After going back to drinking sends you to hell beliefs for 5 years I had a come to Jesus moment that changed my outlook on faith and alcohol consumption. Had my first real beer in my life at a Chili's, they had Widmer's Snow Plow Milk Stout on draft and I got the 20oz pour (after not drinking a drop for 5 years that beer knocked me back). Continued to explore craft beer at a local Rogue satellite pub in town. I found BA and started reading through the threads. Moved onto DFH Midas Touch, forced myself to drink PtE because everyone on BA said it was the best beer in the world. This went on for 2 years.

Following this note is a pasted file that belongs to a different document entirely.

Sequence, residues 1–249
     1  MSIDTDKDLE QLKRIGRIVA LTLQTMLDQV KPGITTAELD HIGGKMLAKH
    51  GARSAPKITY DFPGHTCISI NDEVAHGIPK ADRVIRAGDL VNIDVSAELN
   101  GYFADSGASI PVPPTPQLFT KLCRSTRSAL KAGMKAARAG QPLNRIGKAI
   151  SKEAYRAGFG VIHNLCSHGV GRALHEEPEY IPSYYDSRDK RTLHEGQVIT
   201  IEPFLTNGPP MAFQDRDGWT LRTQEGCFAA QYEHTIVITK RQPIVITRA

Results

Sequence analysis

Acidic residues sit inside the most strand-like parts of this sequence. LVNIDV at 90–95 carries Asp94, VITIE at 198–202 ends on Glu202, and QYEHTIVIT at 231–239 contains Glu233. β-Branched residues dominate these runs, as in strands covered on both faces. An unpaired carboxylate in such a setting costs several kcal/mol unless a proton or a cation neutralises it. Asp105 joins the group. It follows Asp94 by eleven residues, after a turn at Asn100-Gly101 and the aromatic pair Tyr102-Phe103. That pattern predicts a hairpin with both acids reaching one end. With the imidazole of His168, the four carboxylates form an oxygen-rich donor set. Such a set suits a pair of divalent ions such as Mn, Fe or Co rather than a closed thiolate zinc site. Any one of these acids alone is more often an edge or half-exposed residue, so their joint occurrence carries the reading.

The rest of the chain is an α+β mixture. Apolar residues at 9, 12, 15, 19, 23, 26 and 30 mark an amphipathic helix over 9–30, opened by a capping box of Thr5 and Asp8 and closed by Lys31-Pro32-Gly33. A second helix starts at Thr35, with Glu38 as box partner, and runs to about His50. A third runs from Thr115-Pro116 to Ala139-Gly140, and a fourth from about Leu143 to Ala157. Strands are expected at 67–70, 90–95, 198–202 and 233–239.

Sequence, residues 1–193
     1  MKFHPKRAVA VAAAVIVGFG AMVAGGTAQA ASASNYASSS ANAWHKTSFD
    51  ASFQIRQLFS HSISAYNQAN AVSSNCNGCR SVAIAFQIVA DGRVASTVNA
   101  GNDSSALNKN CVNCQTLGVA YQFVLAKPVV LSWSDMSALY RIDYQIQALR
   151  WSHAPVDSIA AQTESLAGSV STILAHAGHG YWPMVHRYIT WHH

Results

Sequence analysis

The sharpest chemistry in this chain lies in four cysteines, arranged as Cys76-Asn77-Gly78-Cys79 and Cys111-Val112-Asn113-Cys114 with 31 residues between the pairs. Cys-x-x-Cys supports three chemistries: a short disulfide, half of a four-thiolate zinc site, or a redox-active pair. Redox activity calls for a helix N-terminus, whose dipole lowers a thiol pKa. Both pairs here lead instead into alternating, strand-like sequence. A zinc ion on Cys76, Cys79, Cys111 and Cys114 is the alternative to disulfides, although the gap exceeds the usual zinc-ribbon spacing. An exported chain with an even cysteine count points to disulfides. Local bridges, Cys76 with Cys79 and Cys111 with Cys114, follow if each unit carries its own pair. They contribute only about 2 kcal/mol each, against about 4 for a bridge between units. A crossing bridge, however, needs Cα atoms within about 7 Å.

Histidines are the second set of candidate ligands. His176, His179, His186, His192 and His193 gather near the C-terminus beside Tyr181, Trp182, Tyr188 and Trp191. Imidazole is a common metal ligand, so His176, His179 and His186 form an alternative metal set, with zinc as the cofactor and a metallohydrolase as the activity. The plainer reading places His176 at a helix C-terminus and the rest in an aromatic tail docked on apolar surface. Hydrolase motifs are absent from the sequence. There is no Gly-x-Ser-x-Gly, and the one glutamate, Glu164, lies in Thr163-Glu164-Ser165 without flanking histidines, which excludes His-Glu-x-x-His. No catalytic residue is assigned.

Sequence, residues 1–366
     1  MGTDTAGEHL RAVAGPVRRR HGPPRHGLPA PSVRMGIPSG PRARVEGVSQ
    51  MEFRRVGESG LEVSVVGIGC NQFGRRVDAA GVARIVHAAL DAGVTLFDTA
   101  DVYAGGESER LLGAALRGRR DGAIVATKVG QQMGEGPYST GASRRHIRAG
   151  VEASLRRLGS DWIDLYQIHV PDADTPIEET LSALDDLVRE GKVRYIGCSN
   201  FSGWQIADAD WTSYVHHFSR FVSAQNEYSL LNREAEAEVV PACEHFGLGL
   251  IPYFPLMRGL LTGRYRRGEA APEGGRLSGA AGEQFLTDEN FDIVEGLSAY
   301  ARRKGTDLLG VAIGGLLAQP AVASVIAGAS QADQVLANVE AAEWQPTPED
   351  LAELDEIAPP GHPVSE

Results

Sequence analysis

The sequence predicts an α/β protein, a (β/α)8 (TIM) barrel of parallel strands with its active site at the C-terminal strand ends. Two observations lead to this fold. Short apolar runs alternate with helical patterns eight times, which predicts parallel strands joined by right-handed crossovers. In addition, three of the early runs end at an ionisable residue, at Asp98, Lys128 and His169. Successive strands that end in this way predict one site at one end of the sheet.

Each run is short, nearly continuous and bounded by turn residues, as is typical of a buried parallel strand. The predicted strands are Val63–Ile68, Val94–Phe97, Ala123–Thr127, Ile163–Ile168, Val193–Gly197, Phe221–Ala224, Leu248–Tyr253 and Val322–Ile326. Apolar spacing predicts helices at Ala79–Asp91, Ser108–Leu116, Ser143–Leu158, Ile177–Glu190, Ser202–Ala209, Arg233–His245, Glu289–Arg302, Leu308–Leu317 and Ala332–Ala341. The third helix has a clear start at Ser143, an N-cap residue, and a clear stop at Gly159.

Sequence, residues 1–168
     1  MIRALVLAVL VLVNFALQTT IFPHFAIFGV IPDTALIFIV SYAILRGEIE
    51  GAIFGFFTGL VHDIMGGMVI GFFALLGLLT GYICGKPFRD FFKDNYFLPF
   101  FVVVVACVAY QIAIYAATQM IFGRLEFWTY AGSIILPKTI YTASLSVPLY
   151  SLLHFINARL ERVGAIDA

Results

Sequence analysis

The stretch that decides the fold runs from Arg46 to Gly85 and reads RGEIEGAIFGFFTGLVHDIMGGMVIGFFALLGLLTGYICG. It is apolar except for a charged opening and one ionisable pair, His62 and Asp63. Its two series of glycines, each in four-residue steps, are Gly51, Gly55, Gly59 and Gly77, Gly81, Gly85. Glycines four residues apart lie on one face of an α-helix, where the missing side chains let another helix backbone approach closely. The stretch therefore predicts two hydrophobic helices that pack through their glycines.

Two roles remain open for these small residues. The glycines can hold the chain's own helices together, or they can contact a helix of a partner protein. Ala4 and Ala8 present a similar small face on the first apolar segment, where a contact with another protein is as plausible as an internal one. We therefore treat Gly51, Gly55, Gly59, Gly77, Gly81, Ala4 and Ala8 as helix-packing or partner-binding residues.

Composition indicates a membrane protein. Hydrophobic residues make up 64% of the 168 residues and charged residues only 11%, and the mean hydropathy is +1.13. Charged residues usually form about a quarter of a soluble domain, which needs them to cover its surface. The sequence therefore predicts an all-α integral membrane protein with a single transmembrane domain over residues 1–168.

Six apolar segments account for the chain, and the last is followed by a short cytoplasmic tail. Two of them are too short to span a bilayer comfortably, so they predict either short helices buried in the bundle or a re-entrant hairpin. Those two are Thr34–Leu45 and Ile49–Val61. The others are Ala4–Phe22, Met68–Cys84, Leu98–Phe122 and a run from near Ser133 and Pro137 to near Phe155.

A friend of mine that I was on staff with at out church said we should brew a beer together. I kept trying to make it happen, and he kept not having time. My wife finally got tired of me talking about how I wanted to brew a beer but Matt keeps blowing my off. On my birthday that year (late November) she bought me a starter kit from the LHBS (sani, 6.5 gallon bucket, bottling bucket, capper, siphon, airlock, tubing, etc). My Mother-In-Law bought me an extract kit to make Snow Plow at home (yes my first beer was also my first brew). I made the Snow Plow and let it ferment away. Having jumped into the HB forum here I had learned that I could reuse the yeast. I also had a partial package of hops from the first beer. So I bought the kit again, made it a 3.5 gallon batch with brown sugar added in the fermenter, and pitched it onto the cake. After that fermented I put it into 1 gallon jars to age, some on oak and bourbon. Then batch 3 was a partial mash Tripel I wrote the recipe for with help from this forum. All grain black IPA kit for batch 4, AG ESB recipe I wrote and flew by this forum again #5. 6th batch was a double mash with 2 boils, Bavarian Hefe (on yeast I had cultured from bottles of Kellerwiesse) and a Pineapple Wheat IPA with Falconer's Flight (also sour mashed the leftover grains and made a putrid "berlinerweisse")